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David Whitney; Ensemble representations as a basis for rich perceptual experience. Journal of Vision 2017;17(10):41. doi: 10.1167/17.10.41.
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Much of our rich visual experience comes in the form of ensemble representations, the perception of summary statistical information in groups of objects—such as the average size of items, the average emotional expression of faces in a crowd, or the average heading direction of point-light walkers. These ensemble percepts occur over space and time, are robust to outliers, and can occur in the visual periphery. Ensemble representations can even convey unique and emergent social information like the gaze of an audience, the animacy of a scene, or the panic in a crowd, information that is not necessarily available at the level of the individual crowd members. The visual system can make these high-level interpretations of social and emotional content with exposures as brief as 50 ms, thus revealing an extraordinarily efficient process for compressing what would otherwise be an overwhelming amount of information. Much of what is believed to count as rich social, emotional, and cognitive experience actually comes in the form of basic, compulsory, visual summary statistical processes.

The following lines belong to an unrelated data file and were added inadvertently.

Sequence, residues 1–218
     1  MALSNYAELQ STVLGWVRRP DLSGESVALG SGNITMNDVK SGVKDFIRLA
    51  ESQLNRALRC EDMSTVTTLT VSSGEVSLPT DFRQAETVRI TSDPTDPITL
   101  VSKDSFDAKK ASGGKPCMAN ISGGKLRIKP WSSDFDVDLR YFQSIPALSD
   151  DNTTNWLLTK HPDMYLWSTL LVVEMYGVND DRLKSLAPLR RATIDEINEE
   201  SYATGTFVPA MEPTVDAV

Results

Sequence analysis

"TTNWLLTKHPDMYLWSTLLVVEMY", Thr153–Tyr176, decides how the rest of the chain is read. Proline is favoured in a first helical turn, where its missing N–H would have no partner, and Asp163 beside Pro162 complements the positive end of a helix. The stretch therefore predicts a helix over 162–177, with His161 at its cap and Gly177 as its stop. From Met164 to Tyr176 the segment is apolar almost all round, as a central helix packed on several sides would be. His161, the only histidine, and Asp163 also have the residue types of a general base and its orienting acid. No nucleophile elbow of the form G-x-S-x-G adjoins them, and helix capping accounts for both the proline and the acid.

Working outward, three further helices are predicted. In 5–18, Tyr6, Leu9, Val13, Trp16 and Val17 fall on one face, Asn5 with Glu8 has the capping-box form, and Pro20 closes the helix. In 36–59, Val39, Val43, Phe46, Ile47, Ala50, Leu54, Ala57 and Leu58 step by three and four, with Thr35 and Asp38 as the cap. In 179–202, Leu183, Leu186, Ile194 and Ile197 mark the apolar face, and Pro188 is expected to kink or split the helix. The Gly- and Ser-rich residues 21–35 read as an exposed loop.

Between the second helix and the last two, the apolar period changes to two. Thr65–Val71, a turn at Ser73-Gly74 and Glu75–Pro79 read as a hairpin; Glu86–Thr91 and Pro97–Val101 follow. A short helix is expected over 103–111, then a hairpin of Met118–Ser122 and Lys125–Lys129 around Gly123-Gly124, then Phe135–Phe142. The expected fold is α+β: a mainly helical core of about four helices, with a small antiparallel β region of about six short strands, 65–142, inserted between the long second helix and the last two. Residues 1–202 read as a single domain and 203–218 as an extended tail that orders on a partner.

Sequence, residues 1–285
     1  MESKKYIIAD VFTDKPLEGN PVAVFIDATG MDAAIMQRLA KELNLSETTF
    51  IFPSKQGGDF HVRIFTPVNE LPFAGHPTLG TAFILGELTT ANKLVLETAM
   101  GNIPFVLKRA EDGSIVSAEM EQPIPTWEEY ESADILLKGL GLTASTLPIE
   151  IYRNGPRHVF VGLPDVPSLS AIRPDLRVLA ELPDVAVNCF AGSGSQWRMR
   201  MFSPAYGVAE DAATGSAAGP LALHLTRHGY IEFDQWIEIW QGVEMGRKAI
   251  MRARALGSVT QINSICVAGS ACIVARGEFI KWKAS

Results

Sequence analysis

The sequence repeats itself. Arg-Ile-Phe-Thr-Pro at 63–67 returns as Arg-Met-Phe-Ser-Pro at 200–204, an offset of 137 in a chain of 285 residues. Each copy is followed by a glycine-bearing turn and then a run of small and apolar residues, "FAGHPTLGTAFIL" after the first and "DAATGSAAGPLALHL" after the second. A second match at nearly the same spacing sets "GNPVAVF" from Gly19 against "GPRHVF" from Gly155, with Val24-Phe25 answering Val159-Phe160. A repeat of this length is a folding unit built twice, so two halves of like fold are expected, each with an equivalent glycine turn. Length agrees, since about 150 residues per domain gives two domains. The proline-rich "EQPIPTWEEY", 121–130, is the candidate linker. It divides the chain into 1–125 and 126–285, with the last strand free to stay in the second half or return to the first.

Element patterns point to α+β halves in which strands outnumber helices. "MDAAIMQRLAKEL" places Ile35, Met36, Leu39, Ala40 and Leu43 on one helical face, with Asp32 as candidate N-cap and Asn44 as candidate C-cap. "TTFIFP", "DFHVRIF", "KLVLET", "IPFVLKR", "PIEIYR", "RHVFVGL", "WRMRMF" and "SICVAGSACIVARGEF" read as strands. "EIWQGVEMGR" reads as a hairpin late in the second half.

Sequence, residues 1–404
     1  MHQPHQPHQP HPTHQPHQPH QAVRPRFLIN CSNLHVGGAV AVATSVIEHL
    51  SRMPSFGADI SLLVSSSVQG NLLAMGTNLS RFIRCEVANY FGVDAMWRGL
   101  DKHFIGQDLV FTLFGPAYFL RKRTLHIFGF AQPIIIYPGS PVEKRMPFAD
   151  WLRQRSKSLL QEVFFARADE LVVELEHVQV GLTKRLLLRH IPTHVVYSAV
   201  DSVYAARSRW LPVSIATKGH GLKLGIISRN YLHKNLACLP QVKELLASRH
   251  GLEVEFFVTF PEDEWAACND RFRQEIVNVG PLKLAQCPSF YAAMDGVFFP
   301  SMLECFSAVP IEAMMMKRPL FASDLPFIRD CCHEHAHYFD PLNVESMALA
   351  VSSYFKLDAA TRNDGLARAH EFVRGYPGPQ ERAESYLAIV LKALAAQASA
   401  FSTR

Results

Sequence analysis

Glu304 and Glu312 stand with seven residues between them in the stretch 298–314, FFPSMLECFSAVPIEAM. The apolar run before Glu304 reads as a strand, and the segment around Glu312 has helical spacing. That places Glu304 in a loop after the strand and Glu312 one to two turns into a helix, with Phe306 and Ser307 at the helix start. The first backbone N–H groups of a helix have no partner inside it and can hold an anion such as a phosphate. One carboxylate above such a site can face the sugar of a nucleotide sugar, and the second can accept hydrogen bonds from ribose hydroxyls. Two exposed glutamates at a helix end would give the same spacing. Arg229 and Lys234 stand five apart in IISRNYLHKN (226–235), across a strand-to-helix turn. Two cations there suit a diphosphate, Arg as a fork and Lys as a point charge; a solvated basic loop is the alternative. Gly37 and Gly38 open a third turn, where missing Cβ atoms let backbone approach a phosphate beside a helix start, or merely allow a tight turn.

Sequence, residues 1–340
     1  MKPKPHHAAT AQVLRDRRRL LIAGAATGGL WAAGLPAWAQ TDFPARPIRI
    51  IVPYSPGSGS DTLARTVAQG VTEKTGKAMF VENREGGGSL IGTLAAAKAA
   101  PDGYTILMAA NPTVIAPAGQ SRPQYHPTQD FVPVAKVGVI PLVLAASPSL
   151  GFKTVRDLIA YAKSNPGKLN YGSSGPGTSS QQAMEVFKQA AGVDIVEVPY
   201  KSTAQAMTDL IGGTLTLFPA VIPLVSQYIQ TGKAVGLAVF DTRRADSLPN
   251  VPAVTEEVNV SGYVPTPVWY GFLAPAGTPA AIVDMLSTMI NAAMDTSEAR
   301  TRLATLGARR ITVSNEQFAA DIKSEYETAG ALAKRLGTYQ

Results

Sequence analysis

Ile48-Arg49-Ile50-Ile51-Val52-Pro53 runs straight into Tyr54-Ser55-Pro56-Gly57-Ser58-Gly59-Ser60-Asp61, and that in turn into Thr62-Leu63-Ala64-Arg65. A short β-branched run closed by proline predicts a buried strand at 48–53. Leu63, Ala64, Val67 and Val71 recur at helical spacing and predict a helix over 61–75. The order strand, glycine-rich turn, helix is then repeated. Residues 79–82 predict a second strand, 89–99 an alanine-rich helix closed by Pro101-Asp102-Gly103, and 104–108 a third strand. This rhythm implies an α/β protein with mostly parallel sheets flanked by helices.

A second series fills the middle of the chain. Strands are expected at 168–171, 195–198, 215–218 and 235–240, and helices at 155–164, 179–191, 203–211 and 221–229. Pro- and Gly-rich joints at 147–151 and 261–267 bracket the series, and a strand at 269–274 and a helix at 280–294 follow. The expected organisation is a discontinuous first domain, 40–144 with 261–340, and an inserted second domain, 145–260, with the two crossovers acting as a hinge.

Meeting abstract presented at VSS 2017
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